Bread Bible Studies

Looks Can Be Deceiving

So I’ve officially started my Bread Bible Studies.  And I’ve specifically started with the easier recipes in the first chapter.  Quick breads, biscuits, popovers, they seem like things that I should be able to achieve given my general level of kitchen competence.  One thing I’ve noticed about Rose’s recipes is that I really need to read through them completely a few times before I start weighing, mixing, and baking.  And I also need to pay attention to whether I’m working in cups, ounces, or grams.  Because on more than one occasion I’ve discovered that even though I’m working in grams, I’m looking at the weights listed in ounces.  And the two are definitely not the same.  I don’t even want to imagine what the end result would be to using 5 grams of flour when I should be using 150 grams.  Talk about a (Cinnamon Crumb) Surprise.

I find that as I’m working through Rose’s recipes, I often start talking to her as though she were standing next to me in the kitchen.  “Really, you want me to do what?” is one of my usual outbursts.  Because for some reason, her process isn’t intuitive to me.  Why wouldn’t I go ahead and put the flour into the sugar mixture that gets used as both a filling and a topping?  Fortunately I put on the brakes before the butter was added to everything…like I said, since the process isn’t intuitive to me, it’s really in my best interest to make sure I’ve read through the recipe a couple of times before I jump in.

I wish I could say this first Bread Bible project was a smashing success.  I was very confident as I mixed and beat and poured.  The batter, that I licked off the spatula, was rich and thick with a lovely hint of sweetness.  It reminded me of Cake Batter ice cream that Cold Stone Creamery sells…and that’s some good stuff.  My expectations were high.

But what I pulled out of the oven an hour later just didn’t make me happy.  The bottom and sides developed a  thick, dry crust.  The layer of cake under the apples was firm and perfect and tight while the layer above the apples was tunneled and airy.  And the topping?  It was burnt.  I take full responsibility for that one.  The recipe calls for walnuts, which I can’t eat.  So I figured I needed to replace them with something or else the rest of the topping recipe wouldn’t work as intended because the ratios would be wrong.  So instead of 85 grams of walnuts, I used 85 grams of graham cracker crumbs.  I think my instincts were partly right to make a substitution.  But they were partly wrong not to consider that the crumbs might not stand up so well to an hour in the oven.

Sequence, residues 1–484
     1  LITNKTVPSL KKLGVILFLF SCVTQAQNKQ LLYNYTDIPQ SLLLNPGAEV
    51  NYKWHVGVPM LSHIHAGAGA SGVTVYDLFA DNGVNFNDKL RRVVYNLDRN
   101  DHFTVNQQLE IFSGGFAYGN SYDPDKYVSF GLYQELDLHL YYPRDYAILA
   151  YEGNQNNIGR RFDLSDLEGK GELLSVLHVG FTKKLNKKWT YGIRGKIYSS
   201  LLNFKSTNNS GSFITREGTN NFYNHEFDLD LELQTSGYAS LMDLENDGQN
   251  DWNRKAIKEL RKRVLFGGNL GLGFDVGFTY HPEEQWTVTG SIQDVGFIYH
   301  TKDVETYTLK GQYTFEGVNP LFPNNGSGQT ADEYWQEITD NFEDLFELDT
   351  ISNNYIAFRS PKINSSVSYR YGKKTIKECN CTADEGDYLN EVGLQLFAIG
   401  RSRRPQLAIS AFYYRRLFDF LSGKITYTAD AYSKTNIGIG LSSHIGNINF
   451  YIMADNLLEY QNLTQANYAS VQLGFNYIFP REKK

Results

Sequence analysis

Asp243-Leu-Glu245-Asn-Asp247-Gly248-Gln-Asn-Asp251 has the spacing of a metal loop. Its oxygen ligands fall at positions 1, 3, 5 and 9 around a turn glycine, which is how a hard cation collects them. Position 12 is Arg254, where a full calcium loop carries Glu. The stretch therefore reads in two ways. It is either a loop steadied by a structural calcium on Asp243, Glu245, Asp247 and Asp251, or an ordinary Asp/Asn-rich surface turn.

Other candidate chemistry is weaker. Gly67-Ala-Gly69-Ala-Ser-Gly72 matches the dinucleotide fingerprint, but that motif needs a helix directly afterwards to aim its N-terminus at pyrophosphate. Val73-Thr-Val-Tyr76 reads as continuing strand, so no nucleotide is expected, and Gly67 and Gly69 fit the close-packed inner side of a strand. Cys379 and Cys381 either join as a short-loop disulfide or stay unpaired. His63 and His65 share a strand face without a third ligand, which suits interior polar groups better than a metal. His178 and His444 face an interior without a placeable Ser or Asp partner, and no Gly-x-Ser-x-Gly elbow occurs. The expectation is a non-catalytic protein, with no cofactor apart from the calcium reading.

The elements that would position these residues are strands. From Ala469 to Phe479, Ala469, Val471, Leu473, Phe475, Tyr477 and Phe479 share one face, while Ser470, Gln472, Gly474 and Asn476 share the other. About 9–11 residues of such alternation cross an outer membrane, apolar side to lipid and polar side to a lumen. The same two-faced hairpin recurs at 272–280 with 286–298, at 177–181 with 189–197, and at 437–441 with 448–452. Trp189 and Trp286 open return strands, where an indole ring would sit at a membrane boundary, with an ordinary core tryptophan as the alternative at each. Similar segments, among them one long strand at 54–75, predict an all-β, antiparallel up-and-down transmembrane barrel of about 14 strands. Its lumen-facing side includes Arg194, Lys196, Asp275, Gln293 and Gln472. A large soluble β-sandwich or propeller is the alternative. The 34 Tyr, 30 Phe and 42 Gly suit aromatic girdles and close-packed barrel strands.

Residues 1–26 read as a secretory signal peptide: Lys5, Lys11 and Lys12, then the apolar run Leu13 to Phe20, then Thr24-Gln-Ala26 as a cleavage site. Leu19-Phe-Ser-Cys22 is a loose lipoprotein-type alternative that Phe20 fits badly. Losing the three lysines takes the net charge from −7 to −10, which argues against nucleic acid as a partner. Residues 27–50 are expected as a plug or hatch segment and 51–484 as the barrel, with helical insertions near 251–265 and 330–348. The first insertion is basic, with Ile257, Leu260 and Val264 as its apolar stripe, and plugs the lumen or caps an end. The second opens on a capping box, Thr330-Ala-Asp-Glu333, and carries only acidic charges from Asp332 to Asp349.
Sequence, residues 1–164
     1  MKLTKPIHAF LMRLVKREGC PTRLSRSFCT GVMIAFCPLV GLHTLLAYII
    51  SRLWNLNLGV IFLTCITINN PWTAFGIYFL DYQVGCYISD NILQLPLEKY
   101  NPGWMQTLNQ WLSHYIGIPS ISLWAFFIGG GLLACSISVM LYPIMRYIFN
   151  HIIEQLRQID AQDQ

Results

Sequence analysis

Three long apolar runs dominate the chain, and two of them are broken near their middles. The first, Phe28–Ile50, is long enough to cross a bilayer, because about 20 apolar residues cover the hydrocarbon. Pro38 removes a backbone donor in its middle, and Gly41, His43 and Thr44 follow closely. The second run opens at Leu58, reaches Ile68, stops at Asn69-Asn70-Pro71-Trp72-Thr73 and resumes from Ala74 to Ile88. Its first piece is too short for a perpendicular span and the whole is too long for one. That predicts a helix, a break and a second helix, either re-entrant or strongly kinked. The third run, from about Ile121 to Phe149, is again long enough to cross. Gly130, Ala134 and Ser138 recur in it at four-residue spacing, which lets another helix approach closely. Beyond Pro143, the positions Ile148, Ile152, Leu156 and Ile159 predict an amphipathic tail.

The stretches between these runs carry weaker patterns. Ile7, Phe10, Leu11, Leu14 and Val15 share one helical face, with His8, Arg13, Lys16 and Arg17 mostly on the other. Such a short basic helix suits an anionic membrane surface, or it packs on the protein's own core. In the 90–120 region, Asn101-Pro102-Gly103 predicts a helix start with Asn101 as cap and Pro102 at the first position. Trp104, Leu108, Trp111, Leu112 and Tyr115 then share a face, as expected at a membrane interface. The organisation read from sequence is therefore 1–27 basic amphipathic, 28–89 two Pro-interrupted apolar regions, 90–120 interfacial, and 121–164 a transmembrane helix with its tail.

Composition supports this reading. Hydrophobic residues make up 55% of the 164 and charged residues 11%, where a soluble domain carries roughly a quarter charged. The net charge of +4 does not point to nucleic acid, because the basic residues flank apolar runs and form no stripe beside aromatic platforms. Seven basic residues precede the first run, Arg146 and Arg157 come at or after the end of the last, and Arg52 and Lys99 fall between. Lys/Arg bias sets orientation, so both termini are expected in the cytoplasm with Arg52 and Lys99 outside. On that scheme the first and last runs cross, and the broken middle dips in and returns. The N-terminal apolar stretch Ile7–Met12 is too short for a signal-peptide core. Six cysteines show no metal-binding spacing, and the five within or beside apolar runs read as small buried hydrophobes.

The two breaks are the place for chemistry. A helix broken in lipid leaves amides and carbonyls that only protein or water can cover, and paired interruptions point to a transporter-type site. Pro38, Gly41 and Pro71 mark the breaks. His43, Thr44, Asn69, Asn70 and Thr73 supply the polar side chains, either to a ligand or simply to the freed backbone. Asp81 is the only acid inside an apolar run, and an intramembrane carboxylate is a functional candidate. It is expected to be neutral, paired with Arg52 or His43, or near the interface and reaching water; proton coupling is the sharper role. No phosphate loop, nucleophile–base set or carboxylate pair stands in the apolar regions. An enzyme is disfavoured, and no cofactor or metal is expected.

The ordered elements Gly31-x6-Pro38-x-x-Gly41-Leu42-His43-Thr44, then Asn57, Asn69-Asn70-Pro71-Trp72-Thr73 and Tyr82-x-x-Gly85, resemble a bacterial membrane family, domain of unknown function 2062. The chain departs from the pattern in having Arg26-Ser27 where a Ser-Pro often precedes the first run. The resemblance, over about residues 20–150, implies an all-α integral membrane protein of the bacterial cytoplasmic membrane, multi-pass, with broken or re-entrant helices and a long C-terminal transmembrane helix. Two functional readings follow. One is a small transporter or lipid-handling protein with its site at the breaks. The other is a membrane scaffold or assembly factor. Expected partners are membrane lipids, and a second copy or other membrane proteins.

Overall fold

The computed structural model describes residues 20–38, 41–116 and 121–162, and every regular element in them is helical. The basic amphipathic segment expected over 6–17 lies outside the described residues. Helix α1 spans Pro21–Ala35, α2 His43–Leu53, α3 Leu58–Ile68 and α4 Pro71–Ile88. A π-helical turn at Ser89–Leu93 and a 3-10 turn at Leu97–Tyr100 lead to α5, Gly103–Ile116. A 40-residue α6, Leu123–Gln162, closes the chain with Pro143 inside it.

So at the risk of committing a Mortal Sin, I think I might like this recipe better if I made some changes.  Instead of a layer of thin apples in the middle, why can’t I mix diced apples through all of the batter?  Since the graham cracker crumb top didn’t work so well, what about an oatmeal crumb instead?  And does a quick bread HAVE to be baked in a loaf pan?  I’ve got a mind to try this in a 9 inch cake pan, or as cupcakes, just for kicks.  Because if I’m going to go to hell for disrespecting the Bread Bible, I better make it worth my while.

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10 Responses to Bread Bible Studies

  1. Jen W. says:

    Wendi, Making substitutions is all part of the process! I like the idea of using oatmeal in place of the nuts/graham cracker crumbs. It would be like the topping on a fruit crisp, which I love, yum! What are you going to make next from the Bread Bible?

    • Wendi says:

      Jen, it just feels like a sin to say that I want to monkey with one of Rose’s recipes. Thankfully, cooking is not like organized religion and I don’t need to actually confess my kitchen sins in order to avoid eternal damnation.

      I’ve been totally slacking on my Bread Bible Studies of late. I need to pull the book off the shelf and see if Rose can’t guide me to better breads.

  2. As you know, I can’t bake to save my life. And, like you, I’m always tempted to tinker with the recipe! I look forward to more baking adventures!

  3. Wendi says:

    Kitch, would you believe I actually broke a bread recipe? Swear to god. Sometimes I believe I am a danger to myself and others when I go into the kitchen!

  4. I don’t believe that you actually *broke* a recipe. Doesn’t seem possible!

    I like the new look!

    • Wendi says:

      Beth, you would not believe what goes on behind the curtain in my kitchen. The post about how I broke the challah is scheduled for next month.

      WordPress redesigned their default page so I decided to freshen things up a bit. The bad thing is that all the changes get made in real time. So I do apologize for any wonkyness that y’all may experience as I get things just so.

  5. Love the new look and I’ll just be pulling up a chair to your Bread Bible Study! I know I don’t have the time to invest in working out all these recipes, but I’m sure I’ll learn something from watching you!!
    ~kristin

    • Wendi says:

      Kristin, I am often a cautionary tale of what not to do ; ) As I say, my home cooking is full of teachable moments.

      Thankfully, my Bread Bible Study is not nearly as regimented as other organized study groups.

      I’m really liking the new theme that WordPress rolled out. They make it so easy to blog without having to understand things like CSS, self hosting, code, blah, blah, blah. While I have the deepest respect and admiration for folks who can get their hands dirty with those things, it’s just not for me.

  6. You’re too funny! That’s why we have a “Tech guy” ie…Chris Ann’s husband. We are totally techie geek challenged!

  7. Pingback: Apple Almond Coffee Cake | Bon Appetit Hon

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